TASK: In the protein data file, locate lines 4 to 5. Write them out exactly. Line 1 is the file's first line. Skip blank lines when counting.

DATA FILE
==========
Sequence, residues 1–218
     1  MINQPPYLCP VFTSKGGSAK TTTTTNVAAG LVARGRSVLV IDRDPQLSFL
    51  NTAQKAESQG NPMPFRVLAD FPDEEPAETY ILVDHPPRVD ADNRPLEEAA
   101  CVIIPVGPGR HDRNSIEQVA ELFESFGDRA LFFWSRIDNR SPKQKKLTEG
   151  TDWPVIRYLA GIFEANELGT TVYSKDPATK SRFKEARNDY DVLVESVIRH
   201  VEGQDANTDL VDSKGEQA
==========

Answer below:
   101  CVIIPVGPGR HDRNSIEQVA ELFESFGDRA LFFWSRIDNR SPKQKKLTEG
   151  TDWPVIRYLA GIFEANELGT TVYSKDPATK SRFKEARNDY DVLVESVIRH